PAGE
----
Bible Study – John Chapter 2 Verses 9-15
John 2:9 – When the ruler of the feast had tasted the water that was made wine, and knew not whence it was: (but the servants which drew the water knew;) the governor of the feast called the bridegroom. At the request of Jesus’ mother asking for His assistance, Jesus made the water in the waterpots turned to wine. The water-pots were filled to the brim by the servants at Jesus’ word. The miracle was suddenly, as soon as they had filled the water-pots, and Jesus said, “Draw out now”, it was done. Jesus does great things and marvelous things without noise, work manifest changes in a hidden way, without hesitation or uncertainty.
John 2:10- And saith unto Him, Every man at the beginning doth set forth good wine; and when men have well drunk, then that which is worse: but thou hast kept the good wine until now. Usually, the better wine was served first, then after the guests’ palate were dulled, the everyday wine was served, but this wine was so good that the master of the feast was surprised to see it being served late in the celebration.
John 2:11 – This beginning of miracles did Jesus in Cana of Galilee, and manifested forth His glory; and His disciples believed on Him. Jesus’ miracles always had a purpose. This miracle resulted in the manifestation of His glory, Jesus Himself was the greatest miracle of all; but this was the first that was wrought by Him. He had power, but there was a time of the hiding of His power. His turning the water to wine proved Himself to be the Son of God. Miracles are not merely superhuman happenings, but happenings that demonstrate God’s power. Those whom He had called, now saw this, shared in it, and had their faith strengthened by it. Even the faith that is true is at first weak, then it is strengthened through the different experiences we have with Jesus.
John 2:12 – After this He went down to Capernaum, He and His mother, and His brethren, and His disciples: and they continued there not many days. Jesus’ visit to Capernaum was short, it is called His own city (And He entered into a ship, and passed over, and came into His own city – Matthew 9:1) Jesus made Capernaum His headquarters in Galilee, the little rest He had was there. It was a place of concourse, and therefore, Jesus chose it, that the fame of His doctrine and miracles might spread further. Wherever Jesus went, He didn’t go alone but would take those with Him who had put themselves under His guidance. “Brethren” is indicating both women and men went with Him to the city of Capernaum. His stay wasn’t confined to this one place because He was needed by many in different cities and township. Notice, wherever He went, His mother was always included in following Him and His disciples. Her presence, as well as her prayers, gave Him strength and encouragement for His humanity side.
John 2:13 – And the Jews’ Passover was at hand, and Jesus went up to Jerusalem. Jerusalem was both the religious and the political seat of Palestine, and the place where the Messiah was expected to arrive. The Temple was located there, and many Jewish families from all over the world traveled to Jerusalem during the key feasts. The Temple was built on an imposing site, a hill overlooking the city. The Passover celebration took place yearly at the Temple in Jerusalem. Every Jewish male was expected to make a pilgrimage to Jerusalem during this time. This was a week-long festival, the Passover was one day, and the Feast of Unleavened Bread lasted the rest of the week. The entire week commemorated the freeing of the Jews from slavery in Egypt.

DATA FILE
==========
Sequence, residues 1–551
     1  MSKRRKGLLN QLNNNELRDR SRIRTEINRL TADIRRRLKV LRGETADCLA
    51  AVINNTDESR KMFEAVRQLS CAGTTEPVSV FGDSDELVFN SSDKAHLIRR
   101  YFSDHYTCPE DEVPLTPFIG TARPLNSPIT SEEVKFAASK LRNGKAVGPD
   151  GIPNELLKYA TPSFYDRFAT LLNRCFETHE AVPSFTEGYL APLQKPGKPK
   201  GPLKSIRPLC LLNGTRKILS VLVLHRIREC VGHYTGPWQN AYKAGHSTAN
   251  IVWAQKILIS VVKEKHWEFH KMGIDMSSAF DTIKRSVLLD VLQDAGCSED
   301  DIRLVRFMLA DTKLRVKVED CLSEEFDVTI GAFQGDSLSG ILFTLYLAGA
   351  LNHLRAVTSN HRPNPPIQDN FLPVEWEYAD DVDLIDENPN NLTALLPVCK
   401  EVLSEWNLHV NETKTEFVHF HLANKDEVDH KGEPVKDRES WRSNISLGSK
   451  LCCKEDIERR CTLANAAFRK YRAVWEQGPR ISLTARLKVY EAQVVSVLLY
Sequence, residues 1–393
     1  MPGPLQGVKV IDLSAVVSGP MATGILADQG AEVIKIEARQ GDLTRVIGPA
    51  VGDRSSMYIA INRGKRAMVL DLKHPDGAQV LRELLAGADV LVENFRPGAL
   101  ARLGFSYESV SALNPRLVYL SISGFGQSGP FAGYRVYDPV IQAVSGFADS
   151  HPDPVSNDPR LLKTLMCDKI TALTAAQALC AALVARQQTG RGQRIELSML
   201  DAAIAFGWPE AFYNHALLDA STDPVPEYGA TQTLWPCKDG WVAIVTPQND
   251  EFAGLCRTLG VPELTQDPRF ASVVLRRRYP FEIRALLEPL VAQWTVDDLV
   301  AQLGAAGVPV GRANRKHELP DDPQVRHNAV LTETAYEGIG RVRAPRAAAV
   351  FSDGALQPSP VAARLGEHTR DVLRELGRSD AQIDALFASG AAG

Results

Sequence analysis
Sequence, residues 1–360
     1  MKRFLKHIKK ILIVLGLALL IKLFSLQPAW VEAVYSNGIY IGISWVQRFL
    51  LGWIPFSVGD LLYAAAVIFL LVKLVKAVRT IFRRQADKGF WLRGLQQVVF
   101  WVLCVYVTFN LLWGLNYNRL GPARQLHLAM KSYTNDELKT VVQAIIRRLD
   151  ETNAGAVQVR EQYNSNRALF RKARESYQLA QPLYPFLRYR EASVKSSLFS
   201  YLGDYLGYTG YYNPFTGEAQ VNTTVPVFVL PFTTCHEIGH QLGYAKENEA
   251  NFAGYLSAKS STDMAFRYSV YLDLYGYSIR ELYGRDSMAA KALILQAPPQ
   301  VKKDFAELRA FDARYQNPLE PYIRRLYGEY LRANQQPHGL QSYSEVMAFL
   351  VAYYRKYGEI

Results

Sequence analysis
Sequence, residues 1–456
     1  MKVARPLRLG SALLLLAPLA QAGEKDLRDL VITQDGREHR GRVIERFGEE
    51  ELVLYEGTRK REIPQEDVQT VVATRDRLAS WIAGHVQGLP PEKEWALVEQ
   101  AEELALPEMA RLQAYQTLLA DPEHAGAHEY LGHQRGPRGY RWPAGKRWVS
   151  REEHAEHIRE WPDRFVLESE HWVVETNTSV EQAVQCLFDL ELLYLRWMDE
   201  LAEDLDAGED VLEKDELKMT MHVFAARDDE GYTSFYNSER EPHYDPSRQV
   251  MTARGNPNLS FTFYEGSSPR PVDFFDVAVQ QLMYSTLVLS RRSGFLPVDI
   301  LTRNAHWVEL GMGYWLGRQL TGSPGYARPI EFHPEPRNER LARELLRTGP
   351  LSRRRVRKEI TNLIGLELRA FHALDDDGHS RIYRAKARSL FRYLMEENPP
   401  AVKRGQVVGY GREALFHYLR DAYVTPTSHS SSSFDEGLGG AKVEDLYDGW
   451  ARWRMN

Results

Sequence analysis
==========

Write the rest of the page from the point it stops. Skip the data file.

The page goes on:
John 2:14 – And found in the temple those that sold oxen and sheep and doves, and the changers of money sitting. Pilgrims to Jerusalem carried all sorts of currencies, but they brought no animals for sacrifices, exchanging and purchases could be made at the Temple. The Temple was always crowded during Passover with thousand of out-of-town visitors. The religious leaders crowded it even further by allowing money changers and merchants to set up booths in the Court of the Gentiles. They rationalized this practice as a convenience for the worshipers and as a way to make money for the Temple’s upkeep. Religious leaders didn’t care that the Court of the Gentiles was full of merchants and that the visitors found it difficult to worship, and worship was the main purpose for visiting the Temple.
John 2:15 – And when He had made a scourge (whip) of small cords, He drove them all out of the temple, and the sheep, and the oxen; and poured out the changers’ money, and overthrew the tables. God’s Temple was being misused by people who turned it into a marketplace. They forgot, or didn’t care, that God’s house is a place of worship, not a place for making a profit. Jesus was obviously angry at the merchants who exploited those who had come to God’s house to worship. There is a difference between uncontrolled rage and righteous indignation, yet both are called anger. We must be very careful how we use this powerful emotion of anger. It is right to be angry about injustice and sin; it is wrong to be angry over a trivial personal offense. We must be very careful in how we conduct ourselves in the house of God, it’s not a place to make a profit, but a place we should worship and honor the house of God. Today’s churches are still making a profit by selling different items to help support the church, if the people who attend these churches would give their tithes and offerings as God has blessed them, this would eliminate selling and renting the church for different events. This is the reason why many churches aren’t feeling the presence of the Lord because of what’s happening with different rental events in the church as well as making sales. The house of God is to be honored, not for making a profit by sales or renting the building for different events.